Kenya's farm makeover show, Shamba Shape-Up, offers practical advice to smallholders

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Kenya's farm makeover show, Shamba Shape-Up, offers practical advice to smallholders

©IFAD/Susan Beccio

Benjamin Kemboi, 32 years old, 4 children, a young farmer in Kamboi village, Rift valley, Kenya. He started farming in 2007, after having casual employment that left him hungry and without a tangible future. “In 2006, I decided to leave my job and learn to dairy farm, I am now making a lot more money than when I was employed.” He received training and a small loan from the project and started farming with 2 cows which produced 4.5 litres of milk each per day.

7 MAY 2014 – With the fourth and latest series of Shamba Shape-Up – Kenya's most watched agriculture TV show – well under way, IFAD staff have been talking to smallholder farmers about a range of practical issues, from cow care and livestock resilience to climate-change adaption.
 
The show, which airs on Citizen TV on weekends, is watched by over 10 million people, most of whom are farmers looking for information on how to grow their farms into successful long-term businesses. (Shamba is Swahili for 'farm'.) Over the course of the series, IFAD – one of the partners involved in the production – will be looking at a variety of questions, many of which have been raised by farmers in need of advice.

Aimed at East Africa's rapidly growing rural audience, the makeover-style programme aims to give farmers the tools they need to improve their productivity and income. The Shape-Up team visit a different farm each week, along with experts from partner organizations who specialize in the topics to be covered in the episode.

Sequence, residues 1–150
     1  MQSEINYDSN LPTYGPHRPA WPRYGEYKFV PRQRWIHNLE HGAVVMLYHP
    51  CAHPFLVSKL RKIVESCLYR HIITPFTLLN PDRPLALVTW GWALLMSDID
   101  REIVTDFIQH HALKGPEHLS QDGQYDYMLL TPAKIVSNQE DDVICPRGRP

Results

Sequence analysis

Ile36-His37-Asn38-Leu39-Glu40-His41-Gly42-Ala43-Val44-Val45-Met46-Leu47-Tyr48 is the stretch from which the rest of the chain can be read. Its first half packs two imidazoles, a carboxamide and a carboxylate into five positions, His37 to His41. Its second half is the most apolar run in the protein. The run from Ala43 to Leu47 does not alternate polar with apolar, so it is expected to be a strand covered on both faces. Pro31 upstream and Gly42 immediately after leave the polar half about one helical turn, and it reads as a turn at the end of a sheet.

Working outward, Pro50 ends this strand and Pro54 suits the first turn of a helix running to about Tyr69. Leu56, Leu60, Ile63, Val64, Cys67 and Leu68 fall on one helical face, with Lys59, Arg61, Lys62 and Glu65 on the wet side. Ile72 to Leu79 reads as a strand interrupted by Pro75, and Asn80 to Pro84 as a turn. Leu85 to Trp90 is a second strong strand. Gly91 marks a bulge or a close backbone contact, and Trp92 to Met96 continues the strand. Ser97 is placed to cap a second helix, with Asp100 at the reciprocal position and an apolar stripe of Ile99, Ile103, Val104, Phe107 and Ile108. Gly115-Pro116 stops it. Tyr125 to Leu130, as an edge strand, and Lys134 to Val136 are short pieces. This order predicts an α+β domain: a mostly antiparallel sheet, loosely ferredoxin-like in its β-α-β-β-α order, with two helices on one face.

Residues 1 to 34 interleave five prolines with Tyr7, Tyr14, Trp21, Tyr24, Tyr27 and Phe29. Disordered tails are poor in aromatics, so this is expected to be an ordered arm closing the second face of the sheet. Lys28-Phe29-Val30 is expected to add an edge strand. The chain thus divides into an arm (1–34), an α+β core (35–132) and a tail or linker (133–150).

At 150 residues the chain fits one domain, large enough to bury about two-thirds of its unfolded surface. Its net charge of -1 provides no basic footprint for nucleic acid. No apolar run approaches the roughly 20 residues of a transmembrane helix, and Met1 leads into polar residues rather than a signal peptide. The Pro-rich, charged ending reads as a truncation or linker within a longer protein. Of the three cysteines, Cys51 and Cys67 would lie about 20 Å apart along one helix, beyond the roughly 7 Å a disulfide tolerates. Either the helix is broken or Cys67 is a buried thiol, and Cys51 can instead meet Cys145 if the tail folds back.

Boosting milk production in Rift Valley

In the first episode of the current series, the crew travelled to Rongai, in Kenya's Rift Valley Province, to visit Gideon and Alice, a farming couple whose cows were struggling to produce milk. In fact, the couple were getting a meagre two litres per cow each day. However, with the help of IFAD expert Paul Njagi, they were able to raise daily milk production to 25 litres.

The reason for this staggering increase, as Njagi suggested, was food. A protein-rich diet is key for cows to produce milk. They can get protein from green grass during the rainy season, but once the rains have ended, the lush and nutritious grass goes with them. To counteract this loss, farmers must make up the protein from other sources, such as fish meal, prepared feeds, fodder from plants like Napier grass, and milk supplements.

The couple were also advised to sell many of their crossbred, low-producing cows and buy a few high-value, high-producing breeds, such as Ayrshire, Guernsey or Jersey cows. In Kenya, it is the number of cows, not their productivity, that equates with higher status. With IFAD's help, attitudes towards this issue are slowly beginning to change.

Preventing soil erosion in Embu

In another episode, filmed in Embu County, IFAD and the Shape-Up team helped Kioko, a young farmer who was facing difficulties. With heavy rains and strong winds, much of Kioko's precious topsoil had been washed away. Soil erosion is a dire problem in many areas Kenya and is often the main reason for a crop's failure.

Alfred Micheni of the Kenya Agricultural Research Institute (KARI), which receives funding from IFAD, talked to Kioko and other farmers about the importance of terracing. Creating terraces preserves the soil and stops it from being washed away, he explained. Micheni also suggested planting fodder trees within the terraces to further stabilize the soil. Few farmers in Kenya see the value of farming trees – a misconception that IFAD and KARI are keen to change. Besides enriching the soil, trees provide shelter, shade, firewood, timber and fodder for animals, which can be sold at a profit.

To learn more about the effects of soil erosion and how to combat it, as well as other IFAD issues covered by Shamba Shape-Up, you can watch the latest episodes online.